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Marker piston plate help

post #1 of 5
Thread Starter 

I see a couple of Marker piston plates. One with just the plate and one called world cup which has shims to elevate your toe. At least that's what I think it does. Any reason to choose one over the other?

post #2 of 5

Hi,

 

Here's my experience with them. My kids were both on Marker bindings, and Piston Plates for about a 10 year run, through their NCAA years. Right through last year. Things have changed a bit over the years with stand height rules, but these days, you'll find them in two heights: a 14mm, and a 9mm. 14mm's are pretty much mounted on SL skis, and 9mm on GS, and speed skis. GS skis are generally a bit thinner than the others, hence the thicker PP…..but only 5mm thicker. 

 

The cosmetics have changed over the years, red to white, and one point red with white ridges on the top sheet, etc. The front edge has also changed a but with different colors, and a different material for one section in the toe. A more rubbery layer. My kids were pretty tuned into this, and both being "comp'd" athletes, they always had the latest, and they could not tell the difference in their stuff.

 

One of the BEST features to the Piston Plate and Marker comp series bindings {16.0, 20.0, 30.0} is that the bindings use a shim system….very simple, thin, black plastic shims under the toes and under the heels to adjust ramp angle. Easy to change, dial in, etc. My son used a thing Piston Plate on his SL skis, as he used something like 4 or 5 shims under the toes to create a negative ramp angle on his SL skis. My daughter, I think used two, and the thicker Piston Plate. The shims also enabled getting the skis to absolute maximum stand height. 

 

Keep in mind that I'm talking the FIS rules. I've skied cheater skis, and my daughters leftover GS skis, with a 14mm Piston Plate, and more lift via 3 shims under the heel and 4-5 under the toes.

 

I have seen exactly one pair of skis with a shim under a Piston Plate. A very thin, about 1mm clear soft "pad", mounted on a pair of women's SG skis, which actually were skied on the WC by a skier in the top 30 world rankings. Never seen another. The skis were a great pair, but I don't think anybody attributed it to the pad/shim. 

 

Hope this helps and doesn't further confuse. Full disclosure, I have a pair of pristine 14mm plates for sale on the forum. Pulled them off a pair of dog slow speed skis which are now destined to become part of a bench or table. Shims are quite easy to come by. You just need to make sure that you have enough screw length for the height you seek. Any race oriented shop can help there.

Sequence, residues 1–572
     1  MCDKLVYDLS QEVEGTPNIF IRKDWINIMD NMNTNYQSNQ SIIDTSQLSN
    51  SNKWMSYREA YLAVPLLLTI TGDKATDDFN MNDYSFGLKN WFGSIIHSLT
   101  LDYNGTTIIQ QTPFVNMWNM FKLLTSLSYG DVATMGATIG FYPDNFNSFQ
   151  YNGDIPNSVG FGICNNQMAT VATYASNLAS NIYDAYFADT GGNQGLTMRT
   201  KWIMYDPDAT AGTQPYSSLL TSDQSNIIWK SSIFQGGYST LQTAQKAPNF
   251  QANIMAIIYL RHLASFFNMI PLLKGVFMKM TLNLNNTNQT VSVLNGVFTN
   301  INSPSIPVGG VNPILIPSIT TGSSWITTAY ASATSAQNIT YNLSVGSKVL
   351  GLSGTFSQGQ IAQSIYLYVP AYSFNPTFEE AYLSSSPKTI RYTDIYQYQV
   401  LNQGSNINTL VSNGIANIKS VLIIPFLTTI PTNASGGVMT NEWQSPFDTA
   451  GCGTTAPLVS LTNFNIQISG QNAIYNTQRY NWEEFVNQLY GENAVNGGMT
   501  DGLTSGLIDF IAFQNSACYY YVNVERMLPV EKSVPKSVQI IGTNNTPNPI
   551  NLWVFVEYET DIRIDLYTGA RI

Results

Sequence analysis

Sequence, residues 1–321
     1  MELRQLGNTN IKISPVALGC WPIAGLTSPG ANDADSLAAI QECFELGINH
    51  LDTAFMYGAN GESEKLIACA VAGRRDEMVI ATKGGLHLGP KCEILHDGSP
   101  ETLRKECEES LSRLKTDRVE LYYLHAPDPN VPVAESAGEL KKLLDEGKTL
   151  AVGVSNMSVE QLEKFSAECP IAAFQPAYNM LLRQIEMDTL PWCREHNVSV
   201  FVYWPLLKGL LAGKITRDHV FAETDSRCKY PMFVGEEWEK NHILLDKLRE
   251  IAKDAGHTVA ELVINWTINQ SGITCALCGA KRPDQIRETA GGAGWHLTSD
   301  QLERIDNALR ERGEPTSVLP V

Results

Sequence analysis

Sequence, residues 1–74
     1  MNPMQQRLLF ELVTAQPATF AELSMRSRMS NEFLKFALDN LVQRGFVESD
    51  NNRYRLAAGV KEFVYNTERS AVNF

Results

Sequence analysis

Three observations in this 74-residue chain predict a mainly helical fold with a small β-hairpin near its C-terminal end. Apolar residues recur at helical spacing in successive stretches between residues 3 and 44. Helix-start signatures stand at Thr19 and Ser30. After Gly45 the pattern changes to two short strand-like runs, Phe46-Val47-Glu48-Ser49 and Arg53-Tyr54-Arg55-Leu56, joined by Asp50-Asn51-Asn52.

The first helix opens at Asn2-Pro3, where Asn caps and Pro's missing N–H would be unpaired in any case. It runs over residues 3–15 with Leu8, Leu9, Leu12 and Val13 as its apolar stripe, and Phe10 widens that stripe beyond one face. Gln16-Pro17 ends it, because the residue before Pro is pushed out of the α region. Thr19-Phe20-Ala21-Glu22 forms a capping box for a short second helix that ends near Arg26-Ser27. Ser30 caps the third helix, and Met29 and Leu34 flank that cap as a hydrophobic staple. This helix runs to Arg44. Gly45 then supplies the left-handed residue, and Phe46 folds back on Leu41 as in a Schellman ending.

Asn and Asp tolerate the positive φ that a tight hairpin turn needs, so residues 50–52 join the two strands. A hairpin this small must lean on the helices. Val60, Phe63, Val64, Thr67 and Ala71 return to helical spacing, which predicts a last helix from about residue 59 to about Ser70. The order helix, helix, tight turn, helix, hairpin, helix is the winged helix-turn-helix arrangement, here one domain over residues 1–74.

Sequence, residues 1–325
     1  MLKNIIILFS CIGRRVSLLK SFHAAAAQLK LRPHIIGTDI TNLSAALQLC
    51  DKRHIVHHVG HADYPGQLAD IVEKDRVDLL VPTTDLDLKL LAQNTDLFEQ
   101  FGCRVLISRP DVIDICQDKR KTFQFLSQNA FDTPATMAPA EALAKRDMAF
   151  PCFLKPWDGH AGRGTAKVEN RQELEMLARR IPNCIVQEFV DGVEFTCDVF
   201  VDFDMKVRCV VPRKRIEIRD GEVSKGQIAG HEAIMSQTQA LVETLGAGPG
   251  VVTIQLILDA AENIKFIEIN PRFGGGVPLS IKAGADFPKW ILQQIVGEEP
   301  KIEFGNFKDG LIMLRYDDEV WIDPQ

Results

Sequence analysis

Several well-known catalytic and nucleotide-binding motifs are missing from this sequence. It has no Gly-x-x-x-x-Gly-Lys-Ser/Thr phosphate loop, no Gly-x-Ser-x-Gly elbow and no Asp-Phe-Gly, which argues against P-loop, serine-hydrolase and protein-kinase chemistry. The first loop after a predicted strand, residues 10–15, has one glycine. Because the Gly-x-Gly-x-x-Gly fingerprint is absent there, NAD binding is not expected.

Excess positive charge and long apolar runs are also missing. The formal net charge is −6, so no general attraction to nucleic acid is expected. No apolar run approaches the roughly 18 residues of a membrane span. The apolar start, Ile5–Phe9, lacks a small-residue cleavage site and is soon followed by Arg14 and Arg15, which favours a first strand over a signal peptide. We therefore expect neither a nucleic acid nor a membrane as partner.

post #3 of 5
Thread Starter 

If I read you correctly you recommend the plate and possible ramp angle change?

post #4 of 5

It's a very good "system", as it allows you to change ramp angle as you so choose, VERY easily. I can't begin to tell you how to set up your skis, as I don't know a thing about your actual skiing, your skis, your boots and boot set-up, etc. So, I'm not going there. What I can say is that a Piston Plate and the matching comp binding, along with four sets of toe shims, and maybe 2-3 heels shims will let you figure out what works. One issue is the stand height, the other is the binding delta. 

 

You could set up your skis with two shims under the toe, and one under the heel, and then for kicks try them with a third, and see if you prefer it. The more under the toe, the less the angle. Conversely, you could remove one, and see how that goes. You could then try one more under the heel……and eventually find the sweet spot that works for you. As I recall, a two shim difference under the toe flattens the angle. Others can weigh in on that. 

 

I'll put my sales hat on. The PP's on the buy/sell forum are in as like new as they get, and cheap. I wish I could help you with shims, but have none available. Neither of my kids have a need for them these days, skiing on different stuff. 

 

If you go this way, my advice is to ignore any comments about how Marker's pre-release, etc. BUT, make sure that the forward pressure is properly set, and that the bindings are bench tested for accuracy. Marker's all metal race bindings have been real warhorses. My kids probably raced close to 1000 race starts on them….from US Nationals DH to local SL's, and I can't recall a single pre-release or "thrown shoe". Adjusted properly, they work well. The forward pressure must be accurately set. 

 

Good luck. 

post #5 of 5

wise words from MS!.  And that is a smoking deal he is offering on the piston plate.!

 

For the forward pressure setting, turn one or two clicks past flush (one click works on the 20, 2 on the lower Din binders)

 

Set up that way they are pretty bombproof.  I normally use 20s on all my race skis that have the piston plate and have not had issues.  Oh and check the forward pressure regularly.  They sometimes seem to be prone to slackening off for some reason!

 

As to the shims, I use some on the toes but don't usually bother on the heel.  I suppose I could add more to get up to max stand height....

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